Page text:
A leveraged loan is extended to companies or individuals that already have considerable amounts of debt and/or a poor credit history. Lenders consider leveraged loans to carry a higher risk of default, and as a result a leveraged loan is more costly to the borrower.
There are some hefty leveraged loan ETFs on the market including an $8bn fund from Invesco and another from State Street with an AUM of $3bn.
Now Kames Capital high-yield bond fund manager Mark Benbow says that the wider economic situation could see the flows into the leveraged loan sector reverse.
He points out that at the turn of the millennium there were only 15 ETFs or mutual funds dedicated to the leveraged loan asset class.
This has now ballooned to almost 300 today amid rising interest rate expectations.
"The theory goes that rising interest rates will generally hurt (fixed coupon) bond markets, but leveraged loans (as floating rate instruments) will benefit as central banks unwind balance sheets and increase interest rates," says Benbow.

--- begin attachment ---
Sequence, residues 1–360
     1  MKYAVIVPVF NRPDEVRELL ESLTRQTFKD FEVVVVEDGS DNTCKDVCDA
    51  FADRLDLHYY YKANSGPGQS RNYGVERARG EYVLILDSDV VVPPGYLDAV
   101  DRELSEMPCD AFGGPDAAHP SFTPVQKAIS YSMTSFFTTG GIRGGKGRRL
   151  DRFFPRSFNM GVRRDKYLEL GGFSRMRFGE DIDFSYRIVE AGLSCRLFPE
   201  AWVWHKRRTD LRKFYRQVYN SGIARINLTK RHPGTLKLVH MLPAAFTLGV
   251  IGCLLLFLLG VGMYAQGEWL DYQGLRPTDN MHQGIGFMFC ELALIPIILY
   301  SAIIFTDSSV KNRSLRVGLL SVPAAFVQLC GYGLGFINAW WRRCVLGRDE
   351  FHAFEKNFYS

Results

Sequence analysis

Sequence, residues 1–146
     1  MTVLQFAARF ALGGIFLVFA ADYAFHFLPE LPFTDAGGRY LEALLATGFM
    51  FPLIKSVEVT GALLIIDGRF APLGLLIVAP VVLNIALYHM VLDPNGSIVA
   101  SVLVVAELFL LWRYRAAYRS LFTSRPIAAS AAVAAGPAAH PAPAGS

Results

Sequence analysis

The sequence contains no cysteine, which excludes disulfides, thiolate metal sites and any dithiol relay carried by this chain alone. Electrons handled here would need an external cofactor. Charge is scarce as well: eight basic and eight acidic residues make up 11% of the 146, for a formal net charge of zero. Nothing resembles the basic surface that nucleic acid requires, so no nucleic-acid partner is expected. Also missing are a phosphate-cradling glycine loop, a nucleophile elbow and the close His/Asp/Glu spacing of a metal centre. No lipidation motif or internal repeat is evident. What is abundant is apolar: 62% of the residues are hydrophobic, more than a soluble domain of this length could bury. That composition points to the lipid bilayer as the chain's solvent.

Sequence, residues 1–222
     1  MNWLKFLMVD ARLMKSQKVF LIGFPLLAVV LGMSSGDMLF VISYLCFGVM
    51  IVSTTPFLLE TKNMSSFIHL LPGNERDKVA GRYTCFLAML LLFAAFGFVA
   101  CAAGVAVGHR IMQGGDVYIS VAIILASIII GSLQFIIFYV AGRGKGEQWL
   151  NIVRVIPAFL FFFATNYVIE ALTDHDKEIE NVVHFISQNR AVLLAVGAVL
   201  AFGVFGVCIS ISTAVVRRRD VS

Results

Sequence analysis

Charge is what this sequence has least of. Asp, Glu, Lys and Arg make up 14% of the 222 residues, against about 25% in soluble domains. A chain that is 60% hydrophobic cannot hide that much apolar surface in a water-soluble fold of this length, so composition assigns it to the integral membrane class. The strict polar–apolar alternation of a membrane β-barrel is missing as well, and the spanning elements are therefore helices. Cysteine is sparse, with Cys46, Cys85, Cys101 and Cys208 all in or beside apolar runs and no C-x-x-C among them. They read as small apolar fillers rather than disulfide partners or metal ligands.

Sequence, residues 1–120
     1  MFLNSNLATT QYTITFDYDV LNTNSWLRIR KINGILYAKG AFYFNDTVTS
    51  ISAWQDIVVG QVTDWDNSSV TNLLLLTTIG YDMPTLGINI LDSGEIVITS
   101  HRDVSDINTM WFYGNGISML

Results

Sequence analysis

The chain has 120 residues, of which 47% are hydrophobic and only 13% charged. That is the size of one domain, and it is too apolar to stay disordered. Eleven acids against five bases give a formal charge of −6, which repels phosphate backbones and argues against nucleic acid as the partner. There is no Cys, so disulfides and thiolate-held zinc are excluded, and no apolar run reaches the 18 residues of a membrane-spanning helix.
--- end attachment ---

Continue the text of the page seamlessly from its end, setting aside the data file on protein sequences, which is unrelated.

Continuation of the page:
While the fundamentals for such a theory held true last year, Benbow says the nature of many of the investments in the leveraged loan market means that liquidity is limited - this having a negative impact on products which offer instant redemptions.
"The main holders of leveraged loans remain CLOs (collateralised loan obligations) and investors in CLOs have their money locked-in," Benbow adds.
"They need a secondary buyer of their share of the CLO to redeem their exposure, while ETFs and mutual funds promise instant access to liquidity despite many of the loans rarely trading," he says.
How this scenario unfolds is not yet clear. But Benbow warns that in a worst-case scenario, the chances of recovering capital from failing loans is unlikely given the potential for the likely deterioration in the leverage debt market.
He points out that although loans typically rank higher than bonds in any bankruptcy situation - meaning the recovery rate is higher - the recent evidence points to more than 50% of loans issued having had no junior borrowers to take the first hit.
As a result, Benbow says historic recovery rates of around 75% might well be an over-estimate.
To hammer home the point, he cites evidence from a recent Moody's report which showed that second-line recoveries were expected to fall from 43% to just 14% as many loans are increasingly found at the bottom of capital structures.
"Given the strength of the economy, many of these facts were either not acknowledged or were deemed something to worry about on a rainier day," Benbow says.
"Well, that rainy day could well have arrived as we have seen financial conditions begin to tighten over the last few months, and with this there have been outflows within the leveraged loan asset class."